Now this is an interesting subject. I remember seeing another thread about this very thing a long time ago. I couldn;t find it though.
Even though it isn't week 2 anymore, it doesn't mean that you can't go back to it and add to the discussion
This is a question I have always wondered myself. Perhaps our study group leader can shed some light on this.
Darn, I was really hoping to sit this one out... I don't like that issue either and haven't found a good answer for it. When I teach this subject I explain how the certifying agency, the WPA, states that for a device to be WPA compliant it must support the TKIP extensions to WEP and may optionally use AES in its general form or in any subform and to be certified as WPA2 compliant it must support AES-CCMP, not the general form of AES and also not TKIP. Then no more than 5 minutes later I show them that the controllers allow you select WPA with TKIP, WPA with AES, WPA2 with TKIP and WPA2 with AES. The WPA2 with AES implies AES-CCMP, the WPA with AES implies the general form, WPA with TKIP makes sense, but I must admit that I'm not 100% on the WPA2 with TKIP. I am hoping that tomorrow I have a chance to dig for that answer, for you all and so that I don't have to uncomfortably skirt the question anymore There is something else I was supposed to look up and clarrify... I think it was in relation to how many APs an instance of WCS can handle, some one refresh my memory if you sitll want the info.
My understanding is that
WPA uses TKIP
WPA2 uses AES
Now I believe that you can have WPA and WPA2 with TKIP and AES enabled in the WLC and that this is for the support of multiple clients ie clients that may have different capabilities (linking back to the week 5 topic)
Now I have never tried to set up a client as WPA-AES or WPA2-TKIP even though I have enabled all the tick boxes in the WLC to do this.
I believe its not best practice, 1 security setup per SSID/VLAN etc and it can confuse cards, which as we all know is not hard
"What am I doing today WPA or WPA2 oooh I will be WPA2 UH I can be TKIP or AES, **** I dont know Im doing nothing" hence client card stops working
Now this doc written and hosted on the WIFi Alliance site http://www.wi-fi.org/files/kc/WPA-WPA2_Implementation_2-27-05v2.pdf
However its still clear as mud to me as I haven't gone into every detail.
Its worth bearing in mind all the hullaballo over the ratification of 802.11N and people not investing in it until it became a standard, now WPA is NOT a standard. Neither is WPA2 and as far as I can see never will be.
Now correct me if I am wrong but there are other red herrings with WPA, in that it was a stop gap to replace WEP. Now WEP was a part of the original 802.11 standard from what I understand and WPA2 was a derivative "based on 802.11i" which parts and requirements I dont know and doubt I will ever have time to find out?
It also in some areas states that WPA and WPA2 provide user authentication, which neither of them do, from what I see they simply provide a framework of protocols and practices that support user authentication. Yes I know its semantics but it is important to be accurate if we discuss what is and is not a standard. I know this as I done alot of work in WiMAX which in and of itself is not a standard but only based on the 802.16 standard, and when you dig deeper you realise that the current WiMAX offering are based on 802.16e which introduces mobility you can get very confused. Actually its just been relaunced as 802.16 2009 which I think is happening to 802.11 to include all of the ammendments.
Eqaully EAP is NOT a standard but a framework to for authentication defined in RFC3748 and updated in RFC5247. Now if EAP is a framework for authentication and WPA can work without EAP as WPA2 can WPA2 is occasionally simply a means of encryption and NOT an authentication mechaism as there is no mutuality involved.
Lastly of all of the EAP types just to complete the story the only accepted EAP "Standard" thats not actually a standard is EAP-TLS which we all know is the most difficult to deploy as you have to develope your own PKI with certificates everywhere. EAP-TLS is defined in RFC5216 and is considered an open standard by the IETF but then its still not a standard as by that definition EAP-MD5 could make that claim as it is defined by the original EAP RFC3748 and EAP-FAST RFC4851, EAP-AKA RFC4187, EAP-SIM RFC4186, EAP-TTLSv0 RFC 5281, EAP-IKEv2 RFC5106. I think PEAP is RFC3579 originally defined in RFC2284.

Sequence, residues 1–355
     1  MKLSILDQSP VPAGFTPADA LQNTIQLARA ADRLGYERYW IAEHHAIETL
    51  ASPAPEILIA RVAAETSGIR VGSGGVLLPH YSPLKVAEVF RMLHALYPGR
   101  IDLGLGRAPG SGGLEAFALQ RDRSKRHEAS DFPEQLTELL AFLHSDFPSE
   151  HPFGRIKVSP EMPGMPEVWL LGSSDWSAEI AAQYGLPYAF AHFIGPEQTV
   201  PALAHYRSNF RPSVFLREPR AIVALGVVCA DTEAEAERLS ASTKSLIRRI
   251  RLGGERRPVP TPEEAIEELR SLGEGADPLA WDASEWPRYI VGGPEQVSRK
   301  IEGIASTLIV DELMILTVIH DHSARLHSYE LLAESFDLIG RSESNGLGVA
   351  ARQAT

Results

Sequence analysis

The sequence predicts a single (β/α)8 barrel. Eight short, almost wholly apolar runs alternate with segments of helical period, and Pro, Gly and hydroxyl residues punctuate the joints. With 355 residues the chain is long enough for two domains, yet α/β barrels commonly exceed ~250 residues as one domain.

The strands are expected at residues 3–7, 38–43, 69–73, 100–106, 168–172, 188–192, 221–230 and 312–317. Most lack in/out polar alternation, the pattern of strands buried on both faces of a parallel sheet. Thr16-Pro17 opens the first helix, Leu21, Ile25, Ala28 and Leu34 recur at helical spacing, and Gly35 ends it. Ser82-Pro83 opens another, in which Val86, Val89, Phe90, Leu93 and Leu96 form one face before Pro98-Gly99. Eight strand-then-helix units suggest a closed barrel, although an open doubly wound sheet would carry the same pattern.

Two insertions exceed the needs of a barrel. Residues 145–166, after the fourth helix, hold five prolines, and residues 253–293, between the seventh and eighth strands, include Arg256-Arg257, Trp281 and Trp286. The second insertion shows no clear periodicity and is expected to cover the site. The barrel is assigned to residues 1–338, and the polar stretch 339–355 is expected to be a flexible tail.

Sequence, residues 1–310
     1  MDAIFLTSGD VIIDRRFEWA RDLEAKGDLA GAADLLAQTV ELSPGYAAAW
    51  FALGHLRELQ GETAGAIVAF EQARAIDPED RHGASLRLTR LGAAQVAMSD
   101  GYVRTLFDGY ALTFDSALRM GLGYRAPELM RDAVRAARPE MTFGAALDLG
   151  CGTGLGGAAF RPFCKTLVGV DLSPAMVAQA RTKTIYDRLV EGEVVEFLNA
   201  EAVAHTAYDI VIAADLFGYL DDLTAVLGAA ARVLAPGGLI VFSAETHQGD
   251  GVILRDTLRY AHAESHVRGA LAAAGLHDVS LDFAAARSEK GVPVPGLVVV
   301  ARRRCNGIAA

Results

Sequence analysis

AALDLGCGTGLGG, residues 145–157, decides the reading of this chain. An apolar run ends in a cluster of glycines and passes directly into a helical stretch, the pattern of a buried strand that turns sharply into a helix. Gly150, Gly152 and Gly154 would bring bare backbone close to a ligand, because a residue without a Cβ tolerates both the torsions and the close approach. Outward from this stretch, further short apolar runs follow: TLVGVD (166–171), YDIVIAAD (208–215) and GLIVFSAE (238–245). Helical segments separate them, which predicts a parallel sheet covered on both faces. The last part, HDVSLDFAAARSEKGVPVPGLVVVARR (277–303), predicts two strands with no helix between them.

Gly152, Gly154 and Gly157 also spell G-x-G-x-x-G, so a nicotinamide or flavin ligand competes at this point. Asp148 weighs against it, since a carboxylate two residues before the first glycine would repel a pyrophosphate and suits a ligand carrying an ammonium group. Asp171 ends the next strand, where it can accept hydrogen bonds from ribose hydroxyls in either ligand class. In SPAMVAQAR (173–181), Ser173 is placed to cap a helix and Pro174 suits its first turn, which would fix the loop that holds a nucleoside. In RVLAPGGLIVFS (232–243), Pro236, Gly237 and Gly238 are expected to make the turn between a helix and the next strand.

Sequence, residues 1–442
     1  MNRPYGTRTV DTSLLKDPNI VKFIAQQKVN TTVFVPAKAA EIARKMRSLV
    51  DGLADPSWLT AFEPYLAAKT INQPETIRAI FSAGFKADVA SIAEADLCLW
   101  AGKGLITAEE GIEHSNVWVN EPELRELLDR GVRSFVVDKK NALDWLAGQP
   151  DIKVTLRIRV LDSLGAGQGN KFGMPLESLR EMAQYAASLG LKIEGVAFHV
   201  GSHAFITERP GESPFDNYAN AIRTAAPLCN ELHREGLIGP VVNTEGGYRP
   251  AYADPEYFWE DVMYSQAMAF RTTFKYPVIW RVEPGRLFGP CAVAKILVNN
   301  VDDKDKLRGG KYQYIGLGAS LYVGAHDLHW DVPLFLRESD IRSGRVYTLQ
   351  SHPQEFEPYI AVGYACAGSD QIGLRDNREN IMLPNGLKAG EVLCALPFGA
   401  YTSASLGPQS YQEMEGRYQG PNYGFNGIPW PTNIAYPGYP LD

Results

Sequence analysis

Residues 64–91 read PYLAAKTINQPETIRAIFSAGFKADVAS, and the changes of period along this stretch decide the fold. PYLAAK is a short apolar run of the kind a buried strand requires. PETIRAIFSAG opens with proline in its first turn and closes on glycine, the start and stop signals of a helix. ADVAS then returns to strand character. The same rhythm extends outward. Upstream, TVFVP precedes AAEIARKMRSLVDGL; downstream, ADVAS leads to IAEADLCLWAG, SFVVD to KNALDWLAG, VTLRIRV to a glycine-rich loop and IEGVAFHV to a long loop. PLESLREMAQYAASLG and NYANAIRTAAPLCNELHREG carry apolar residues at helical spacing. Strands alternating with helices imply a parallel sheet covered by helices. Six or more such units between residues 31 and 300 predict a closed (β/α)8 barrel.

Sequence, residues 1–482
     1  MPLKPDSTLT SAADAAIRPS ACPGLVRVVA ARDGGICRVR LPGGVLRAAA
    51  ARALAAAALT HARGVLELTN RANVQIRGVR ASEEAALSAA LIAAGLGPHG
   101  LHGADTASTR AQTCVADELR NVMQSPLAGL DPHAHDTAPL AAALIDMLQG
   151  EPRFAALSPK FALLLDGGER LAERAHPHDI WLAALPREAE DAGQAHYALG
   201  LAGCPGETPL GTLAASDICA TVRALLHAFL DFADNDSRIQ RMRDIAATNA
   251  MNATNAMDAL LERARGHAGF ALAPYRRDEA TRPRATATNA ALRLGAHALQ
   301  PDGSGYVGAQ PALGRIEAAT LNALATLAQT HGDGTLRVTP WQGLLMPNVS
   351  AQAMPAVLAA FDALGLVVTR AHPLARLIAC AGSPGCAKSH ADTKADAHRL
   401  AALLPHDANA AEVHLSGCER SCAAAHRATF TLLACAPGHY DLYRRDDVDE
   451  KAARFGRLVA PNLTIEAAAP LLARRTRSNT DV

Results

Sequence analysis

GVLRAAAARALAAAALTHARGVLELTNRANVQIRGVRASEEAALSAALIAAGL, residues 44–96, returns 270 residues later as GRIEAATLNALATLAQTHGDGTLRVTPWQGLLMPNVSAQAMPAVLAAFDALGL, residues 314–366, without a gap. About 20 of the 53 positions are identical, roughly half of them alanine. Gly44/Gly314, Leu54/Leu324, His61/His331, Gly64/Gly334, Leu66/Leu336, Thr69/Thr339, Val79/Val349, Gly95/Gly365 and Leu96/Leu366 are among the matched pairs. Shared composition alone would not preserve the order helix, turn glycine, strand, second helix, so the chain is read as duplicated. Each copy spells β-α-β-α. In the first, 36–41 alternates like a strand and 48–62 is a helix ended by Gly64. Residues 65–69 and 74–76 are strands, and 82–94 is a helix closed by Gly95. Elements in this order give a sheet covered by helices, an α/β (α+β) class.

My whole point being wireless security is not easy, its certainly not standards based and as mobility gets better across various media handoffs are going to be more problematic as we all use differing methods.Let alone just undestanding the encryption/frameworks of WPA and WPA2.
It would be so coold and make our lives easier if some of the big manufacurers made these into standards that were truly interoperable then we would have pure definitions rather than wholly explanations about ifs and maybes because of the 20plus different EAP types taht are available.
Sorry go on a bit of a bandwagon there, but thats why nothing actually works as it should, all of the above.
Could it be that in whole transition between WPA and WPA2 some cards used WPA2 icw TKIP and didn't support the AES/CCMP and now there is some sort of backwards compatibility?? I've read that some vendors tried to achieve AES encryption with a software solution instead of exchanging the hardware. It seems that back in the days various solutions where tested, could WPA2/TKIP have been one of them?? TKIP now beeing the less secure solution (compared to WPA2 but solving the WEP problem) and therefore WPA2 states the AES/CCMP encryption as only option. While reading about TKIP i came across some pages stating that the Japanese borke WPA/TKIP in a matter of minutes...
I can image that in this case Cisco press wants to draw a line somewhere and state that,
WPA -> TKIP and optionally AES
WPA2 -> AES/CCMP
So this is what i will use during the exam
Well i actually tested it already on my lab equipment and i'm able to connect with both WPA2 encryption methods.
So with TKIP/AES checked then CCMP encryption shows up in the beacon and i connect using AES/CCMP. After that i unckecked WPA2 AES forcing WPA2 TKIP and the encryption setting received after my probe request is TKIP, again no problems in connecting to the network...
Like mentioned before i'm not able to force TKIP from the client side.
I found this quite helpful.
Implements the majority of IEEE 802.11i, but with different headers (so can operate both in same network). Designed to require only a firmware upgrade (full 802.11i usually requires hardware change).
As designed, WPA uses TKIP and Michael for message integrity, based on RC4 for encryption.
Pre-shared (personal) vs. Enterprise (RADIUS)
Defines the type of authentication used.